In Tennessee and other states, people are familiar with social networking websites. In the past we’ve discussed how social media such as Facebook and Twitter can be used in divorce proceedings. These sites enable users to post real-time updates, even providing a “check-in” option to show where people currently are.
But just recently a man who owed child support was tracked down because of his Facebook profile updates. Police found him at a local mall after the man’s ex-wife spotted his update on his profile. The update told the man’s friends on Facebook where he was.
The man had missed child support payments, though it is unclear how much money was owed. His ex-wife was unable to find him, a task made even more difficult given the fact that he had left the state that the two had previously resided in.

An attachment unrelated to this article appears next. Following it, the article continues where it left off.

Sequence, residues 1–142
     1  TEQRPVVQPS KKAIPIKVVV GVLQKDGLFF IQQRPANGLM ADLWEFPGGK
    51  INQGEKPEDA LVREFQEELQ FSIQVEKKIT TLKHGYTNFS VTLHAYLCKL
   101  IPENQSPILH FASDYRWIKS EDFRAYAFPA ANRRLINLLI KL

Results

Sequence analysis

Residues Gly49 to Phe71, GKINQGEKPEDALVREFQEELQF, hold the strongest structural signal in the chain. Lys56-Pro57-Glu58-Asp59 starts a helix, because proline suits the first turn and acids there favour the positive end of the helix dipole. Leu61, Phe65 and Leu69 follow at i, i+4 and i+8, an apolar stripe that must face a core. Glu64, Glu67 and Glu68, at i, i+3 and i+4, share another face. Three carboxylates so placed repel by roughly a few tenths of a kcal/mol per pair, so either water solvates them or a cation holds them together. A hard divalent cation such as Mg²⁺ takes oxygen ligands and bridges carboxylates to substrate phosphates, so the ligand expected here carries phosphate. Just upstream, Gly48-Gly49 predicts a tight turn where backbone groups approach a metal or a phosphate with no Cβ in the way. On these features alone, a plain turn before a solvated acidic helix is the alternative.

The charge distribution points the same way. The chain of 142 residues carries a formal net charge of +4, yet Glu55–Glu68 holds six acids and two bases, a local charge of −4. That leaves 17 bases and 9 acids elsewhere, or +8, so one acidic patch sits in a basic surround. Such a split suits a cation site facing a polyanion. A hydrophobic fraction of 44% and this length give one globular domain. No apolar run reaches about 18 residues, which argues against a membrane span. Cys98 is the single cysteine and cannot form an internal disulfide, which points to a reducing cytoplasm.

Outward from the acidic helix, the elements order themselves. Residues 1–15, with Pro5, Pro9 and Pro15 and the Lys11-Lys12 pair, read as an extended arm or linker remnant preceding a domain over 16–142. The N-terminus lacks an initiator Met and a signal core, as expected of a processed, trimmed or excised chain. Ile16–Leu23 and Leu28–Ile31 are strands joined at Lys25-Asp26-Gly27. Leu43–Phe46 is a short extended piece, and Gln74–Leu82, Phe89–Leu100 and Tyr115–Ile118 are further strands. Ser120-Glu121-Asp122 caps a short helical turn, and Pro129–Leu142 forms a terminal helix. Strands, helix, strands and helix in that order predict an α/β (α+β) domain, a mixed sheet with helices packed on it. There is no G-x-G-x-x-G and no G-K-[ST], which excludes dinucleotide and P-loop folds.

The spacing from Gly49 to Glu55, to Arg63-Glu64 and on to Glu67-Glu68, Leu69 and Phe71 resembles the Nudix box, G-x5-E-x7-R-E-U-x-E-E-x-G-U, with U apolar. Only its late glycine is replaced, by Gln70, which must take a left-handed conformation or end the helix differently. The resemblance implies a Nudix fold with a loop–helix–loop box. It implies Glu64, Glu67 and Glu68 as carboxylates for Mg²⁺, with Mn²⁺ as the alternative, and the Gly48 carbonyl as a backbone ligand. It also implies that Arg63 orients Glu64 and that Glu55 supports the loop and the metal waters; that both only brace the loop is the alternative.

But when she saw his Facebook update that stated he was working at a mall, she immediately contacted authorities who contacted police in the state where he was located. From there officers simply went to the mall, located the man, and promptly arrested him.
This may become a more common occurrence. Parents who go missing with their kids or who skip out on child or spousal support may not realize that their posts on Facebook could be their undoing. While their original intent may have been to update their friends on what is going on, a status update could lead authorities straight to them.
When a parent misses a child support payment, he or she is violating a court ordered agreement. This agreement is enforceable and could lead to a number of different penalties. But if a parent finds himself or herself in a situation where they cannot afford the payments because of a life change, they can seek an agreement modification.
Source: KPHO News: <"Police: Facebook post nabs deadbead dad in Arizona," Elizabeth Erwin, Sept. 13, 2011